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Casablanca Conference


                         Feb 12, 1943

    (The Public Papers of F. D. Roosevelt, Vol 12, p. 71)

                       (Radio Address)

     The decisions reached and the actual plans made at

Casablanca were not confined to any one theater of war or to

any one continent or ocean or sea.  Before this year is out,

it will be made known to the world-in actions rather than

words-that the Casablanca Conference produced plenty of news;

and it will be bad news for the Germans and Italians-and the


     We have lately concluded a long, hard battle in the

Southwest Pacific and we have made notable gains.  That battle

started in the Solomons and New Guinea last summer.  It has

demonstrated our superior power in planes and, most

importantly, in the fighting qualities of our individual

soldiers and sailors.

     American armed forces in the Southwest Pacific are

receiving powerful aid from Australia and New Zealand and also

directly from the British themselves.

     We do not expect to spend the time it would take to bring

Japan to final defeat merely by inching our way forward from

island to island across the vast expanse of the Pacific.

     Great and decisive actions against the Japanese will be

taken to drive the invader from the soil of China.  Important

actions will be taken in the skies over China-and over Japan


     The discussions at Casablanca have been continued in

Chungking with the Generalissimo by General Arnold and have

resulted in definite plans for offensive operations.

     There are many roads which lead right to Tokyo.  We shall

neglect none of them.

     In an attempt to ward off the inevitable disaster, the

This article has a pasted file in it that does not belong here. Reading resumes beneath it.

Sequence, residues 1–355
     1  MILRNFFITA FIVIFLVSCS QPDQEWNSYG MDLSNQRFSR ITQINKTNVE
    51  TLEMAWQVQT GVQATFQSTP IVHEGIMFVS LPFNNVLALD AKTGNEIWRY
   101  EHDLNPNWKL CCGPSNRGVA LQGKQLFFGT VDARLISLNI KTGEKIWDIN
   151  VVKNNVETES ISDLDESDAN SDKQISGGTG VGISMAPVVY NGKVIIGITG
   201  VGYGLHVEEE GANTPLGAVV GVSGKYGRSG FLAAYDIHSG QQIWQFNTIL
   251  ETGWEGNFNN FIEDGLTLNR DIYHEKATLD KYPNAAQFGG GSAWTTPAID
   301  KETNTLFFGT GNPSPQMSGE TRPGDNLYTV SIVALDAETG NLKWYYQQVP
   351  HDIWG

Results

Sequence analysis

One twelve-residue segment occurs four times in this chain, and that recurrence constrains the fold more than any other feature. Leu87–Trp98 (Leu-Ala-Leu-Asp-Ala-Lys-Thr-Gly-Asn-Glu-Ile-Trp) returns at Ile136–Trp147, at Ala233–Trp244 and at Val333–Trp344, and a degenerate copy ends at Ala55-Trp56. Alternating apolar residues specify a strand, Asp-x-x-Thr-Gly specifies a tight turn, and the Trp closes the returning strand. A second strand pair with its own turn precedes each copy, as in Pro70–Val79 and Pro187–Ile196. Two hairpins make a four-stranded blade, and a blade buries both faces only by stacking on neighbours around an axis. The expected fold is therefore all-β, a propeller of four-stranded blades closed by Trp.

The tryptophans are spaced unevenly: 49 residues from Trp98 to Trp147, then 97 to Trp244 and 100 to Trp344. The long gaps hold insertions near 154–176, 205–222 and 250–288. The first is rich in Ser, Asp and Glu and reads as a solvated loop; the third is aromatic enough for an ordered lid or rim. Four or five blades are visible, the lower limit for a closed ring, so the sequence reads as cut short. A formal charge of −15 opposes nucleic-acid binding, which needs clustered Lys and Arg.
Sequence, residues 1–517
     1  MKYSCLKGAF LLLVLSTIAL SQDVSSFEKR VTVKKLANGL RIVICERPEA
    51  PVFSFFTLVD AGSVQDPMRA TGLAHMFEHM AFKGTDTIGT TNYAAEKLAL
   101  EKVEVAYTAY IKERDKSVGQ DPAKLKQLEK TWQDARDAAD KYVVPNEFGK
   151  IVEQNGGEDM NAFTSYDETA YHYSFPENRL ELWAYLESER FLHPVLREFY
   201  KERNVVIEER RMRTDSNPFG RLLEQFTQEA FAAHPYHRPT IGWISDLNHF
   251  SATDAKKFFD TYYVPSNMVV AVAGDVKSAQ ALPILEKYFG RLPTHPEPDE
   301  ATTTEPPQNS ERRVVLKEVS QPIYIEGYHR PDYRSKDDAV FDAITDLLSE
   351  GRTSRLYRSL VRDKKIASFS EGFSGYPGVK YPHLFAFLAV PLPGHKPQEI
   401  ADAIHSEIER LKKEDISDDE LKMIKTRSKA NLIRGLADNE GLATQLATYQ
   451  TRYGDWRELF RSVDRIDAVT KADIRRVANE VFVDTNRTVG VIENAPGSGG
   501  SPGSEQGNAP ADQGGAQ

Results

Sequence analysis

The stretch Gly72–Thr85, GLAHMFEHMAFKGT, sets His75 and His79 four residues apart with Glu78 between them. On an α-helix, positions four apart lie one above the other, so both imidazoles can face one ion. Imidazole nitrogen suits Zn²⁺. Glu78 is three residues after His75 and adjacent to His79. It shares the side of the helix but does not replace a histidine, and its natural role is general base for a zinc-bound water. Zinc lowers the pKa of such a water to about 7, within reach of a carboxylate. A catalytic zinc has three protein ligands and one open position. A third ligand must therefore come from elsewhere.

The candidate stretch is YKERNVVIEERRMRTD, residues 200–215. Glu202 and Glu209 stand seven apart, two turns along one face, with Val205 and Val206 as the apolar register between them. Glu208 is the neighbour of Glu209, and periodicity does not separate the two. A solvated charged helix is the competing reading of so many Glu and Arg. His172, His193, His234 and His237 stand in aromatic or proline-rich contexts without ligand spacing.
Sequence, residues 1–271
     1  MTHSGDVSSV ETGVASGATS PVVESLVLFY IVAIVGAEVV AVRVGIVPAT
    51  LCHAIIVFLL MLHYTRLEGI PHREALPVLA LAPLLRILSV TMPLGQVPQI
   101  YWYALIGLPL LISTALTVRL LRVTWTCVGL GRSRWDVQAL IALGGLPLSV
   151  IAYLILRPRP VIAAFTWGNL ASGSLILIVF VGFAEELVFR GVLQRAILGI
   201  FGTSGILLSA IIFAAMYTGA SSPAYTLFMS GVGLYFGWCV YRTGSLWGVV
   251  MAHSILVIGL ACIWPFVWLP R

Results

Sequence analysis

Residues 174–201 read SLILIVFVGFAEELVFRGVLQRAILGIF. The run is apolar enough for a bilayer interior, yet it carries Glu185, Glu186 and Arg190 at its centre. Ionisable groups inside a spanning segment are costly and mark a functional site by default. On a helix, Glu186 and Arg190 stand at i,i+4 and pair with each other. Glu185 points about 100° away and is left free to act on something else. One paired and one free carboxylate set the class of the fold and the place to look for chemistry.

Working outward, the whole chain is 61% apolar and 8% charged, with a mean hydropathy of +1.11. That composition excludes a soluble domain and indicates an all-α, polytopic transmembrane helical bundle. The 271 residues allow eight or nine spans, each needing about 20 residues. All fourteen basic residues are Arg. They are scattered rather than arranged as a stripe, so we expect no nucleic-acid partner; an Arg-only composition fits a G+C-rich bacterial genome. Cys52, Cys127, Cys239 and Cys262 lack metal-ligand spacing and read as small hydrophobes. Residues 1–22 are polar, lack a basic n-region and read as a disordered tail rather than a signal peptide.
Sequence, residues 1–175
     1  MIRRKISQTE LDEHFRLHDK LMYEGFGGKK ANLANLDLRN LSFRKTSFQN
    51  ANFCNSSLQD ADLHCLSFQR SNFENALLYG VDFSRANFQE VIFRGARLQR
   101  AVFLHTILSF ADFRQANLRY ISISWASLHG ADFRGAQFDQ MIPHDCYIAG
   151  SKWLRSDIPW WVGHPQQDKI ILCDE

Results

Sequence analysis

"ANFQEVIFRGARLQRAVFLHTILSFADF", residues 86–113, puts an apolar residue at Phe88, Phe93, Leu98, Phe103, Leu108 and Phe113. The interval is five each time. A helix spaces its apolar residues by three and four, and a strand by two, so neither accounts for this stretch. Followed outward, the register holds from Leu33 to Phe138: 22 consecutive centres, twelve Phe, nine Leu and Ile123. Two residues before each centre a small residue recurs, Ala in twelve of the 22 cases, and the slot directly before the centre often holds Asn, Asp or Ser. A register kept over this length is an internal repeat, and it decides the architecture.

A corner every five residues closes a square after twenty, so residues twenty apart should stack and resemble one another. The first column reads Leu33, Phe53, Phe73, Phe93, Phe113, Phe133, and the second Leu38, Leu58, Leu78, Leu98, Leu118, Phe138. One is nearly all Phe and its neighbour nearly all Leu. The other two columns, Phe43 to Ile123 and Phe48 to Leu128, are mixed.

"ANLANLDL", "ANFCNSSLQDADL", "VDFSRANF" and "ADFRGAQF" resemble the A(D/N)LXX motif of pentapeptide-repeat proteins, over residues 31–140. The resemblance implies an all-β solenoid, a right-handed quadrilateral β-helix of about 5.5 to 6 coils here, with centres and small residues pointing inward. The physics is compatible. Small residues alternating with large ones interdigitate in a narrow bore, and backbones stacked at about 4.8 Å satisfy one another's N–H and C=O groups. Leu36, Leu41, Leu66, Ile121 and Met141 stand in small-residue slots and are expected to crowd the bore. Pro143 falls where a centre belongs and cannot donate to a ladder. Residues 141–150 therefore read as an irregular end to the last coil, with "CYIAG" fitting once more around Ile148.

Axis propagandist are trying all of their old tricks in order

to divide the United Nations.  They seek to create the idea

that if we win this war, Russia, England, China, and the

United States are going to get into a cat-and-dog fight.

     This is their final effort to turn one nation against

another, in the vain hope that they may settle with one or two

at a time-that any of us may be so gullible and so forgetful

as to be duped into making "deals" at the expense of our


     To these panicky attempts to escape the consequences of

their crimes we say-all the United Nations say-that the only

terms on which we shall deal with an Axis government or any

Axis factions are the terms proclaimed at Casablanca:

"Unconditional Surrender."  In our uncompromising policy we

mean no harm to the common people of the Axis nations.  But we

do mean to impose punishment and retribution in full upon

their guilty, barbaric leaders...

     In the years of the American and French revolutions the

fundamental principle guiding our democracies was established.

The cornerstone of our whole democratic edifice was the

principle that from the people and the people alone flows the

authority of government.

     It is one of our war aims, as expressed in the Atlantic

Charter, that the conquered populations of today be again the

masters of their destiny.  There must be no doubt anywhere

that it is the unalterable purpose of the United Nations to

restore to conquered peoples their sacred rights.